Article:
The Curse Read Online Jina S. Bazzar (Roxanne Fosch #0.5)

Categories Genre: Fantasy/Sci-fi, Magic, New Adult, Romance, Witches, Young Adult Tags Authors: Series: Roxanne Fosch Series by Jina S. Bazzar

Total pages in book: 20
Estimated words: 18410 (not accurate)
Estimated Reading Time in minutes: 92(@200wpm)___ 74(@250wpm)___ 61(@300wpm)

Read Online Books/Novels:

The Curse (Roxanne Fosch #0.5)

Author/Writer of Book/Novel:

Jina S. Bazzar

Book Information:

Yoncey Fosch, the leader of the Unseelie Dhiultadh clan would give anything to save his brother from a mysterious plague. Anything, including his leadership mantle and a favor to his deadliest enemy, Queen Titania’s consort.

But his actions will have far reaching consequences, and Fosch realizes he is not only unwilling to pay the price, but will defy anyone who calls him on it.
Books in Series:

Roxanne Fosch Series by Jina S. Bazzar

Books by Author:

Jina S. Bazzar Books

Chapter 1

The Secret…

Yoncey Fosch was a cunning man. A fee – or a Dhiultadh – a half one, since his mother had been a notorious earth witch. He was a man of many qualities, excellent attributes. He was ridiculously rich, having had centuries upon centuries of accumulated wealth bestowed upon him by his grandfather, his father, and his late mother. He was ridiculously handsome, having inherited both the charms of his pure-blooded father and his beautiful gypsy mother. He had dark hair that brushed soft waves about his shoulders, dark eyes surrounded by thick lashes that gave him a dreamy, romantic look, a poet’s nose, and a sculpted mouth. He was tall, broad, sharp. He was an undefeatable sword master; remarkably accurate with a crossbow; the clan’s champion with an arc and arrow, having won fifty archery competitions in the past two decades. He was a master in martial arts, being the head sensei for the scions in his clan. He was even handy with the more modern weapons, though he had no taste for guns.

From his earth witch mother, he had inherited the ability to power runes, sigils, glyphs. He learned to control them, to imbue them on living and dead things, to keep them hidden from clever eyes, though this tidbit was never shared with a soul but his mother. From his father he learned to hunt, to shift, to fly, to rule. His wisdom came both from his parents and the long life he had led. All in all, Yoncey Fosch not only was a blessed being and a production of good genes, but a power to be reckoned with.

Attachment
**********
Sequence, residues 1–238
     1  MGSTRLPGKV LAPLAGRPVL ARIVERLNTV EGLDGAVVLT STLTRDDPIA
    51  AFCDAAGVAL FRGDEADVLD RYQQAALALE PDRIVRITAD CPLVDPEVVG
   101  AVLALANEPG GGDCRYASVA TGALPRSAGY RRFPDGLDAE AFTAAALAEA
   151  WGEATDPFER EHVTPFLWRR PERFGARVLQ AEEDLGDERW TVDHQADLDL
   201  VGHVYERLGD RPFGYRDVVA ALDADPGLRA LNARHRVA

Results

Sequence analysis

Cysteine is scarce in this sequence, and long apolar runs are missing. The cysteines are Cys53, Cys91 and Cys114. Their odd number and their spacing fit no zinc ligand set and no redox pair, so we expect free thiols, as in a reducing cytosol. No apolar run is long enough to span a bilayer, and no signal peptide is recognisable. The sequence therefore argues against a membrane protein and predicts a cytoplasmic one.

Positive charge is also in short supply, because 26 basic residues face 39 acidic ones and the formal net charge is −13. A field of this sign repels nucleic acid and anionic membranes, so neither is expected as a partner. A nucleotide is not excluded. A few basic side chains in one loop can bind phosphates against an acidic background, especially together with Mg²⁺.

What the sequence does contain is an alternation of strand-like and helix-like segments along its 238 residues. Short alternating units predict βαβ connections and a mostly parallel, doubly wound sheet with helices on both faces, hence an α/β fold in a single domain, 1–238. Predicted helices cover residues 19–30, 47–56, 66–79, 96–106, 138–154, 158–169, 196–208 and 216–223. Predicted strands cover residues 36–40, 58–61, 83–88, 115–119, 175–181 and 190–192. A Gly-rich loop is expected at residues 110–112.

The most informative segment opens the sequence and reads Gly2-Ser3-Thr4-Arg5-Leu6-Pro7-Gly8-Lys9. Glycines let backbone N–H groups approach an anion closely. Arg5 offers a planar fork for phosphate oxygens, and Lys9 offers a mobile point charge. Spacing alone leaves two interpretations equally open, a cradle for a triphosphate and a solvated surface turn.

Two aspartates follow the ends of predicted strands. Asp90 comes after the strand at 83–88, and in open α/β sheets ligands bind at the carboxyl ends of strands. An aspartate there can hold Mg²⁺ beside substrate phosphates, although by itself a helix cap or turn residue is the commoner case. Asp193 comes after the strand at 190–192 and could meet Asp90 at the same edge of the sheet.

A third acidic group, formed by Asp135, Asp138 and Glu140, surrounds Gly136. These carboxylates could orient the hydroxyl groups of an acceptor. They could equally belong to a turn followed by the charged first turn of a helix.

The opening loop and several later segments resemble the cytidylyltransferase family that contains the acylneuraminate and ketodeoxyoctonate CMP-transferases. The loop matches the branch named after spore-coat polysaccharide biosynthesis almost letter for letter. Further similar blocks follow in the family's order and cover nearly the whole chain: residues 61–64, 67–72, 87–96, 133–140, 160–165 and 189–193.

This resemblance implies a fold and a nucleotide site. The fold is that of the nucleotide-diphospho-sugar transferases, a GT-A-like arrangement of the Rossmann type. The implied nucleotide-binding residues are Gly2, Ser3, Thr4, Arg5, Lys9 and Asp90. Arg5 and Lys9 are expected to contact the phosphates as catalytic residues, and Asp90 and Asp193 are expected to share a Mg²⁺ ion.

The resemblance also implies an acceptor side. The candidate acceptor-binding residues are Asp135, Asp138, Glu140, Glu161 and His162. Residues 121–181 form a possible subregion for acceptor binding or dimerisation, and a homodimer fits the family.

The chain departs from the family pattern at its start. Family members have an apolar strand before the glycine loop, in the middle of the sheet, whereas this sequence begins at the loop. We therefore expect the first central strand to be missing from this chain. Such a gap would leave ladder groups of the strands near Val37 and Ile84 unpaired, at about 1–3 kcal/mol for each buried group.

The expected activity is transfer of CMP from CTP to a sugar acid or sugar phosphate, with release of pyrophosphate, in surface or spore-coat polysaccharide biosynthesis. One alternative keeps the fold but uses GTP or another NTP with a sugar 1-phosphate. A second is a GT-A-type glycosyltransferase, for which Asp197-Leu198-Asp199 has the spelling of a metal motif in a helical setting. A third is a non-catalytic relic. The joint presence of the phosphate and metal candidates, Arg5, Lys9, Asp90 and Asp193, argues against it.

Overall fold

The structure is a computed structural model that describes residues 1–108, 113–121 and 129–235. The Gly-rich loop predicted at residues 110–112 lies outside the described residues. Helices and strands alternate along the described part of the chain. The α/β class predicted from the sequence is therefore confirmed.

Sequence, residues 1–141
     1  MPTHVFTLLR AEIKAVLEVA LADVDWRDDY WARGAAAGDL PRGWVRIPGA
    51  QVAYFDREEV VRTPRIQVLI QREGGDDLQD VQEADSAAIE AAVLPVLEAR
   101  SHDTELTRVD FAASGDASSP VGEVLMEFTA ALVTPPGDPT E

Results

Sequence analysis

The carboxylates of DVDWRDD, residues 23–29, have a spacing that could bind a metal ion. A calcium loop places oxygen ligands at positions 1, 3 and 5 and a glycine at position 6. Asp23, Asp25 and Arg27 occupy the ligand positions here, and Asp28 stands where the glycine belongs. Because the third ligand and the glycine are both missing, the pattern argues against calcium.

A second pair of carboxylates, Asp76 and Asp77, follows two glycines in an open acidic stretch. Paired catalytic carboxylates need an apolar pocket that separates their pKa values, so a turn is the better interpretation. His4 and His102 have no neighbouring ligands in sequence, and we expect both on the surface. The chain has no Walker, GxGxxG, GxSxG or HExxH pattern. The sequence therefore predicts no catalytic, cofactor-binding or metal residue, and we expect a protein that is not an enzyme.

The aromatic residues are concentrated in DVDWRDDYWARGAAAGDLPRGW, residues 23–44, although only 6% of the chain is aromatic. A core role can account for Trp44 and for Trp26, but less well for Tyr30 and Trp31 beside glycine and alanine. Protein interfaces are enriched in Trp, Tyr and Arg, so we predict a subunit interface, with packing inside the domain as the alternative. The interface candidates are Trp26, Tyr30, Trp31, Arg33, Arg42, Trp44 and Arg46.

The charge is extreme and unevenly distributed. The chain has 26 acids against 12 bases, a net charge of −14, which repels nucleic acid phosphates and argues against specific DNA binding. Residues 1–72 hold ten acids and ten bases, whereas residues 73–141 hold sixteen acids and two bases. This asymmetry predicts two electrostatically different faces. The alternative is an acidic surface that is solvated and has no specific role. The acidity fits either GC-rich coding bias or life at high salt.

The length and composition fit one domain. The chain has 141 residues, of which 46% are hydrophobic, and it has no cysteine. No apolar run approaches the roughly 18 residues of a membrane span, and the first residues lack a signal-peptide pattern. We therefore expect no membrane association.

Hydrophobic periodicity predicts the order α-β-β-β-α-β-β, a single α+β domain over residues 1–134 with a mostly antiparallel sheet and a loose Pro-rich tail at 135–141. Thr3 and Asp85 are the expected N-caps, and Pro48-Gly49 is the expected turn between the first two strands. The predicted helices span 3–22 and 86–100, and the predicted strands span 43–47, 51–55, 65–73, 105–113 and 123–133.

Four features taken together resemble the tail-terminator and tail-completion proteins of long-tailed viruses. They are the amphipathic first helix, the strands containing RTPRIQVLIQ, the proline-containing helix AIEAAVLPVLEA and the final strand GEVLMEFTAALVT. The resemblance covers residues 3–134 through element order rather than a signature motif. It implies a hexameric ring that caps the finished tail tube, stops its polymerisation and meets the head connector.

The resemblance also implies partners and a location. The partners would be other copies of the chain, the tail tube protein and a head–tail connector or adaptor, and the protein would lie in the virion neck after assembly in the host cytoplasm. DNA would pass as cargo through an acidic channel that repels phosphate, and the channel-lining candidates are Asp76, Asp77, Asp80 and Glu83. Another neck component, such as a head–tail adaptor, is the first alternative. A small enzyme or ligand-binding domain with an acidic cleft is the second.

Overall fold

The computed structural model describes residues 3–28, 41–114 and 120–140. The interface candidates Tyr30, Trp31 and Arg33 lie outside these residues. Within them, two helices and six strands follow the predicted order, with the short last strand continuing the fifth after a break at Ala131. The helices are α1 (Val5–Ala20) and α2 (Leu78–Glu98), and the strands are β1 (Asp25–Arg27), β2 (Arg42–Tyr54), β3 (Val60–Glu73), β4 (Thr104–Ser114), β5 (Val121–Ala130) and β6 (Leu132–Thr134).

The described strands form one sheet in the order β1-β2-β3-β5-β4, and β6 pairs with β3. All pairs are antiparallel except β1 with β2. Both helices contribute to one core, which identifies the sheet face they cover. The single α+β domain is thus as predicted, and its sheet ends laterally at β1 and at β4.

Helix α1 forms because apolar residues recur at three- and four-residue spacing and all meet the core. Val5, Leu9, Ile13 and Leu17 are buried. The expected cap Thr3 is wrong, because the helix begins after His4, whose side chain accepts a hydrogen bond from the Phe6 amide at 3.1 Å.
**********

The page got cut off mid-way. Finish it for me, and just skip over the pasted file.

He had a younger sister no one remembered, and whose circumstance had kept him away from, a half brother and a half sister from his father’s side, along with a stepsister – from his father’s third marriage – and a half aunt from his mother’s side, though this particular juicy detail wasn’t common knowledge.

He was clan leader of the Unseelie Dhiultadh, where he ruled with an iron fist and a warm heart. He was loved by everyone and everything, including the trees and animals. One of the latter even had willingly bound himself to him, giving his master his loyal devotion, and at the end, his life.

He was a man of few words and many wisdoms, a charming charisma. But on that spring of 1822, Yoncey Fosch was anything but smart. On the contrary, he was a desperate man, a grieving man.

He moved briskly through the forbidden land, the Sidhe land, a man with an urgent agenda, a heavy heart and a frantic need. The trees, giant billowing things, rustled and whispered words he didn’t listen, didn’t care to hear. He had a purpose, a goal, a fool’s errand. Yes, he was aware of the horrendous mistake he was about to commit. But he had no other choice. Were his mother alive, he would never need such an atrocious favor.

The animals of this land knew him, recognized a native, though this was no longer his world. Two-headed creatures watched his progress curiously, rabbit-like hoppers moved along with him, their tales long, reptilian things that helped them jump to the high branches and move through the canopies with ease. His familiar, a young shadow he had fed a traitor once upon a time, stirred uneasily, unseen in his higher dimension. Fosch sensed it, wanted to reassure his long-time companion, but he too felt uneasy, sick to his stomach, even if he was determined to carry this mission through. A bird of disproportional size sang a surprisingly melodious song high above the green, quickly joined by other birds. Fosch barely paid attention, his eyes fixed on the clearing he could make up ahead. It was a secret meeting, a condition both parties had agreed upon. Already he could make out the silhouette of the man, standing in the middle of the clearing watching some unseen bird, or just the beautiful sky. The clearing, a place for peace counseling, was warded against dimensional hops, as safe as the Seelie castle itself from intruders or direct attacks.

Fosch emerged into the clearing with a sure step; a warrior leader confident of his place, aware that none of the anxiety and turmoil he felt showed through. The sky was a vivid blue bowl, like nothing he had seen anywhere in any of the worlds. Had it not been for the grim moment and the high fee royalty, standing with arms crossed a few feet away, Fosch would have stopped to admire the beauty of the sky and land.

He had come unarmed, also a condition, one he met with honor. He didn’t consider Gongo – his familiar – a weapon, but a friend, one he knew Oberon was aware of.

Fosch paused four feet away from the Seelie consort. Anything closer would be construed as an insult and Fosch hadn’t asked for this meeting to quarrel.